In fact it’s bigger than merely IoT. Amazon tried launching its IoT API service with direct connectivity to the cloud and it didn’t catch for many types of IoT use cases. The missing ingredient was Edge Computing. As I wrote before, IoT, Big Data and Machine Learning Push Cloud Computing To The Edge, and that’s what Amazon realized. On AWS Summit I saw this learning simply put: AWS IoT Going to the edge.

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The two Amazon groundbreaking stories this month come down to the same essential truth: Amazon started out from the digital internet-driven services, which matched many common use cases. But now it realizes the power of the edge, whether a physical store available down the street from my home or edge computing executing at my smart home or connected factory (or perhaps at the Whole Foods store down the street?). That’s me – living on the edge – and apparently I’m not alone.

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Oracle Launches Bare Metal Cloud Services, Challenges Amazon AWS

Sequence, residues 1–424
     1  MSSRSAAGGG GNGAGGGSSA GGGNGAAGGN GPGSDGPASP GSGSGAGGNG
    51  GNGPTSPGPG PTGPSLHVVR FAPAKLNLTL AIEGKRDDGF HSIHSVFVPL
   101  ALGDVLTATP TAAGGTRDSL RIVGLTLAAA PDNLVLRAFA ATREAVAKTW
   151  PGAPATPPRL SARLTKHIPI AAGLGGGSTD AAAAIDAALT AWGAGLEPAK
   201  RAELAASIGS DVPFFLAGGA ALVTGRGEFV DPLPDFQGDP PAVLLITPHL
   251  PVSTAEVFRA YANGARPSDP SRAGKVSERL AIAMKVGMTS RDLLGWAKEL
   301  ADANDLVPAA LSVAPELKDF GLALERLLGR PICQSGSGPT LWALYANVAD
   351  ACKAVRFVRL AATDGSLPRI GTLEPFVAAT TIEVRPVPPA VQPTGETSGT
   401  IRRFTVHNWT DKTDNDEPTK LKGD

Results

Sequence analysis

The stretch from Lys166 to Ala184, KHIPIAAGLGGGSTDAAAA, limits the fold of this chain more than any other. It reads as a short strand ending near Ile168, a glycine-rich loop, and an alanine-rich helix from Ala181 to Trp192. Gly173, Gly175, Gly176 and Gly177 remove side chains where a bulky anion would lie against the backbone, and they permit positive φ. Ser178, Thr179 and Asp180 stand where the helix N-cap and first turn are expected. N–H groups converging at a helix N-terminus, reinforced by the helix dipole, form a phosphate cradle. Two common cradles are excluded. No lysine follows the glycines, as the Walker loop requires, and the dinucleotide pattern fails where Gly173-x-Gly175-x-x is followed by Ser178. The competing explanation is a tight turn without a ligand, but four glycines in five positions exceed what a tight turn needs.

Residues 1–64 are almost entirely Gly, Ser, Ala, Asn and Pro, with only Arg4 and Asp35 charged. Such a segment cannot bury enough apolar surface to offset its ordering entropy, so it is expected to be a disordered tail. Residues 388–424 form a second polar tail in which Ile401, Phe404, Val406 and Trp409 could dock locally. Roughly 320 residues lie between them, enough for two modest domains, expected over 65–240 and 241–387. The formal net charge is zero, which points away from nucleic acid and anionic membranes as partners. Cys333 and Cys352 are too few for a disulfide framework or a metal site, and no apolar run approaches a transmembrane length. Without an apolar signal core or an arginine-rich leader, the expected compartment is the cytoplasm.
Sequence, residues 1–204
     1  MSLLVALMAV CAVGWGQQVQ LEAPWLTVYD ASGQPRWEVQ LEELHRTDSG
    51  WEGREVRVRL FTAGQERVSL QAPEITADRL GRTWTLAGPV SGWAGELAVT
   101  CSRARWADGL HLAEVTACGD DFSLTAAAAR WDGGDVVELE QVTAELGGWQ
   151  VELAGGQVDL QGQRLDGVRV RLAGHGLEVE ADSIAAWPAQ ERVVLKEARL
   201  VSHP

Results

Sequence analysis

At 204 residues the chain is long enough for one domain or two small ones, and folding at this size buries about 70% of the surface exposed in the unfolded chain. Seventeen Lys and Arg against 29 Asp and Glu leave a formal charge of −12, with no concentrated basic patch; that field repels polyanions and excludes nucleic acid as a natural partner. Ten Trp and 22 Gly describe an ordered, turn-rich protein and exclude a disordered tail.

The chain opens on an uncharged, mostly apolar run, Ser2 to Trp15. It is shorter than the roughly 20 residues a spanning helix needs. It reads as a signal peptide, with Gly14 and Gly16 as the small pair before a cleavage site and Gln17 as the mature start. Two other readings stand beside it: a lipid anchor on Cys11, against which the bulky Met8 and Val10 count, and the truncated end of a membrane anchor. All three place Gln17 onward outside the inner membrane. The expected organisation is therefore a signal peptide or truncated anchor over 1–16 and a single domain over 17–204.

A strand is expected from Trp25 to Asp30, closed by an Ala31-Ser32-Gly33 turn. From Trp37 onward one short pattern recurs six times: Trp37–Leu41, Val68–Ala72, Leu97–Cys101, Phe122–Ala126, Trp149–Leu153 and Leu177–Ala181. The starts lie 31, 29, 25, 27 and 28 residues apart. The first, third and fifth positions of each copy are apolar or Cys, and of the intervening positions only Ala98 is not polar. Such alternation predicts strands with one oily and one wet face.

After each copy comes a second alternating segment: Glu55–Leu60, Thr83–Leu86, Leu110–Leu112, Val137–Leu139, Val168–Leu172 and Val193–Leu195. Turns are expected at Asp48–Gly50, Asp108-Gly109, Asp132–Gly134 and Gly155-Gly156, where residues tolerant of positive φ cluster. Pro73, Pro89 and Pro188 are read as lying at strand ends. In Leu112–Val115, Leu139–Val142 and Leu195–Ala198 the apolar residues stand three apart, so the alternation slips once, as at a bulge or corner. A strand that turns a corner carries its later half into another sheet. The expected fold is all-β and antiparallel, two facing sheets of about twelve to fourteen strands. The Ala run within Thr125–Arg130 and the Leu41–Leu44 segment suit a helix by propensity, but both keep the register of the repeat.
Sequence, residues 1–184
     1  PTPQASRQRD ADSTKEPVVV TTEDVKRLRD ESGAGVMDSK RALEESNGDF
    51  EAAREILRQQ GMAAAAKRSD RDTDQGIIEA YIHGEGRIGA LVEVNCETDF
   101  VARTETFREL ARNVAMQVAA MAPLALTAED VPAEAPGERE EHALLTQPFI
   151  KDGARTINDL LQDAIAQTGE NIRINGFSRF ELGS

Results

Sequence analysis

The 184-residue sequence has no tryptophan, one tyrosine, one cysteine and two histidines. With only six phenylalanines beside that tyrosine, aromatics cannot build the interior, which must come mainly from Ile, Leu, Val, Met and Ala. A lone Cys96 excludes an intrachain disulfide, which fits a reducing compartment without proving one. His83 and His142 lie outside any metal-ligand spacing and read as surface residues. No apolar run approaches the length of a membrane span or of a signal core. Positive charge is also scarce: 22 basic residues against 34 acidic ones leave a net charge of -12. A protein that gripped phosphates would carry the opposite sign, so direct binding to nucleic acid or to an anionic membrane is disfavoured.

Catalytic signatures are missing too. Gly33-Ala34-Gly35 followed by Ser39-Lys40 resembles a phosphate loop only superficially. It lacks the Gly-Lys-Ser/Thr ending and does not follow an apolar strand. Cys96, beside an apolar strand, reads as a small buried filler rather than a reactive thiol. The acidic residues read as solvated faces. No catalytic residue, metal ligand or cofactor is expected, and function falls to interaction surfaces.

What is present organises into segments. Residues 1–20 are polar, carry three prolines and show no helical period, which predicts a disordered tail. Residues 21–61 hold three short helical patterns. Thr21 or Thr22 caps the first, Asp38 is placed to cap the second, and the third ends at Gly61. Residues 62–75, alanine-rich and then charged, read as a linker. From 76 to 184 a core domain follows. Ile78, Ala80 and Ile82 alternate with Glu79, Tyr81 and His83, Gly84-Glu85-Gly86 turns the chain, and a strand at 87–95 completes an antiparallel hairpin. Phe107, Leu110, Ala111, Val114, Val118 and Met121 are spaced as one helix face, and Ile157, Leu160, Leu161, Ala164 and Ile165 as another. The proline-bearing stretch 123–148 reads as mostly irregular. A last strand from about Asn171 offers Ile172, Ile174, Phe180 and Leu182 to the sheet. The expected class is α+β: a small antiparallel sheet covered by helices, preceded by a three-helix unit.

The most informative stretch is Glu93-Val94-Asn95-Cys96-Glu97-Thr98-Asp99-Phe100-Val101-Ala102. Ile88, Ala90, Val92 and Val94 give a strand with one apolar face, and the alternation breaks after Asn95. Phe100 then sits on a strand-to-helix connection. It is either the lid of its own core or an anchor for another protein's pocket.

Oracle threw some big announcement back in September at Oracle OpenWorld conference about its plan to add Infrastructure as a Service (IaaS) to its Oracle Cloud Solutions. And now the first piece of that IaaS is announced: Oracle Bare Metal Cloud Services. Oracle’s service offers integrated network block storage, object storage, identity and access management, VPN connectivity, and a software-defined Virtual Cloud Network (VCN) – their implementation of Software Defined Networking (SDN). The new service is launched in Oracle’s new Phoenix Region (Arizona, USA), with the promise of growing to additional regions. The Phoenix region has 3 Availability Domains (similar to Availability Zones in Amazon Web Services).